Standing high above Castronovo di Sicily is the plateau of Mount
Kassar. This was fortified by the Byzantines against Arab
aggression some time probably soon after their annexation of Africa
in 639-98. Excavation has shown that the fortress ceased to
be used after the capture of eastern Sicily by the Arabs. Quite
possibly the site was the qasr al-jadid that fell to Arab forces in 857-58 and was followed the next year by the fall of Enna - a fortress of similar dimensions. Whether the true castle lower down the slope at Colle San Vitale was founded by the Arabs after the fall of the main fortress or was already an integral part of the defences is another matter.
Mount Kassar fortress form a D shape above Castronovo di Sicily with
all the fortifications lying on the straight side of the bow to the
north, some 1½ miles long. Like Hadrian's Wall these
defences utilise the lie of the land and consist of 11 rectangular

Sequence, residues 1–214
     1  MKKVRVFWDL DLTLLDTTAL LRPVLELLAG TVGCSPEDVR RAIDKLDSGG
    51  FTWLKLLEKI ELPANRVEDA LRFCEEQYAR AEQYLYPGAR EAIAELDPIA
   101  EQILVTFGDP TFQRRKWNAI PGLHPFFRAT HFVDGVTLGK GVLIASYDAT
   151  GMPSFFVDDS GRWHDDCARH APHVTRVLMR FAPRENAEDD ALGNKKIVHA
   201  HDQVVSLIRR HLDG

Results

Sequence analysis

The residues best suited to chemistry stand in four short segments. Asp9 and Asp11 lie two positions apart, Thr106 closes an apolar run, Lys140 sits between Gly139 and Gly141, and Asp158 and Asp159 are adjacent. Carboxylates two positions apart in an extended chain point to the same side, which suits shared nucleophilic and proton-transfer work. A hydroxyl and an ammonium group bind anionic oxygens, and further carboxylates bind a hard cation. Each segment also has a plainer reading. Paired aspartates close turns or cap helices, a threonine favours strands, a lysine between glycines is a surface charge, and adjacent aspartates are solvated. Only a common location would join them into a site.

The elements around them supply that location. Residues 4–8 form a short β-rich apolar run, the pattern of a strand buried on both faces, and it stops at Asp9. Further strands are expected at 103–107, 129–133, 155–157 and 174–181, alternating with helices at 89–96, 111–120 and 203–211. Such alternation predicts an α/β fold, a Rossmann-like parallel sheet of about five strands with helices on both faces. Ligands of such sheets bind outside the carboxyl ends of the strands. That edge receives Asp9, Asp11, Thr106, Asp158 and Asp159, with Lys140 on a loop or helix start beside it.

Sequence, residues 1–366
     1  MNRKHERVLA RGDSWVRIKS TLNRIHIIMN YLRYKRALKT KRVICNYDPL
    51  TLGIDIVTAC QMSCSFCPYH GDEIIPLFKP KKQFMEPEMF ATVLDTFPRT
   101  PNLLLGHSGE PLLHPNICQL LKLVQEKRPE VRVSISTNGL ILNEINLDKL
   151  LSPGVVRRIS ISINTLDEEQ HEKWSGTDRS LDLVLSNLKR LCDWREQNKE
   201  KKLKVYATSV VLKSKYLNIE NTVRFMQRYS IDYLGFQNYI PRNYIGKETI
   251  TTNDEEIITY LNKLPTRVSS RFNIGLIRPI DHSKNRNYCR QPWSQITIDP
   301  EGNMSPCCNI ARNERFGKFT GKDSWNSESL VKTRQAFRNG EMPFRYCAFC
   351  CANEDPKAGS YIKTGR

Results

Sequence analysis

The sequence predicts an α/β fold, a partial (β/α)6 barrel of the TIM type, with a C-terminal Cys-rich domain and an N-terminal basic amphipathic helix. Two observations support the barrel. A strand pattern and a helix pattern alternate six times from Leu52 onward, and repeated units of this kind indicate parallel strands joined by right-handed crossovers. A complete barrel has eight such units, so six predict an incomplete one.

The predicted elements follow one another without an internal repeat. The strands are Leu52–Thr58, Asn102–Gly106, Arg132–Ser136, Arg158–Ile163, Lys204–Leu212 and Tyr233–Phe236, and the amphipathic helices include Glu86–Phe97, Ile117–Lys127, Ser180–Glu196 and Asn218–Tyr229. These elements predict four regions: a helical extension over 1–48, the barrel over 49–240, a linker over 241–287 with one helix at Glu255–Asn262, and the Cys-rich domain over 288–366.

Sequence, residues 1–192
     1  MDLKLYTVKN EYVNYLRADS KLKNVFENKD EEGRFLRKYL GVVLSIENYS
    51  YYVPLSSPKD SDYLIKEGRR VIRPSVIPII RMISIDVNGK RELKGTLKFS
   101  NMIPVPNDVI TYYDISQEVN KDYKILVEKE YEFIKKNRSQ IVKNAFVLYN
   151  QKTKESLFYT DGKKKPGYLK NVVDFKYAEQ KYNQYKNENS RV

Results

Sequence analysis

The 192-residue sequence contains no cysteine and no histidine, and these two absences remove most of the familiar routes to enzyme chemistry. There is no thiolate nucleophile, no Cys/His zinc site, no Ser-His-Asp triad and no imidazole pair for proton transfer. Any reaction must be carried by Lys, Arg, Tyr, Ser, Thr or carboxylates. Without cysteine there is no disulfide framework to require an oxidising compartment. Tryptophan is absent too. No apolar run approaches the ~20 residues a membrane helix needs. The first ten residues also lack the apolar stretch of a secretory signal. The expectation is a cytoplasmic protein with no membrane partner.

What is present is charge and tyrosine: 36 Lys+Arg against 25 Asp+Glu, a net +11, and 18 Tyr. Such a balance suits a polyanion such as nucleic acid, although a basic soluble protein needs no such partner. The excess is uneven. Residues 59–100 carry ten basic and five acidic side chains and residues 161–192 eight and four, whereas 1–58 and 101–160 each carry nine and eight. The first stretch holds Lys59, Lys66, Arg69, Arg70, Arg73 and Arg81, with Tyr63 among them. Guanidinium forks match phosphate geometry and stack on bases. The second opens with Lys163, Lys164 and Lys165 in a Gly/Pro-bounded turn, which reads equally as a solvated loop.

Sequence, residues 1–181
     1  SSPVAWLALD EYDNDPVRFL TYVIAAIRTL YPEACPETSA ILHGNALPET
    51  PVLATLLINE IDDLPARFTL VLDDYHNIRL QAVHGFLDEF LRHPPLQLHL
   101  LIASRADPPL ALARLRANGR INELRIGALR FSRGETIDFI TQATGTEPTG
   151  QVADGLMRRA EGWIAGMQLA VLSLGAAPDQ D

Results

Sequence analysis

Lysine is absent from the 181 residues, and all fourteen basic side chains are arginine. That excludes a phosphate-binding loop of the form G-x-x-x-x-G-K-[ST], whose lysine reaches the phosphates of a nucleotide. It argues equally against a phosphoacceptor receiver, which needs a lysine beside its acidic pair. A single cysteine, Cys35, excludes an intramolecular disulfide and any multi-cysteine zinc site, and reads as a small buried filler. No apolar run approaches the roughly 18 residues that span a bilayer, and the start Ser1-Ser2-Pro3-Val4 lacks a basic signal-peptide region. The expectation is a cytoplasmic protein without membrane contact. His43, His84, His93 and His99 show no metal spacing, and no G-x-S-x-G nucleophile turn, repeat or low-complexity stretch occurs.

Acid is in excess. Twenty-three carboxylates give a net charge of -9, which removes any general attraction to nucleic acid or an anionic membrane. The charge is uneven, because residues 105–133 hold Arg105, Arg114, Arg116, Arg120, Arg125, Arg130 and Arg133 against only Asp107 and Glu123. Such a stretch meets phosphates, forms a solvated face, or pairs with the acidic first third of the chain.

towers with 2 twin towered gatehouses.
The eastern gatehouse has been fully excavated and shows that it
was defended with twin gates with a portcullis behind. The area
behind the defences is divided into an upper and a lower section due to
the geography of the land, while the rest of the C of the bow appear to
have no defences at all, apart from the cliffs and steep slope.
The area defended by the wall is roughly similar to that thought
to have been occupied by the fortress of Enna, suggesting that the 2 were built as part of the same defensive system.
Why not join me at other Sicilian
castles? Information on this and other tours can be found at Scholarly
Paul Martin Remfry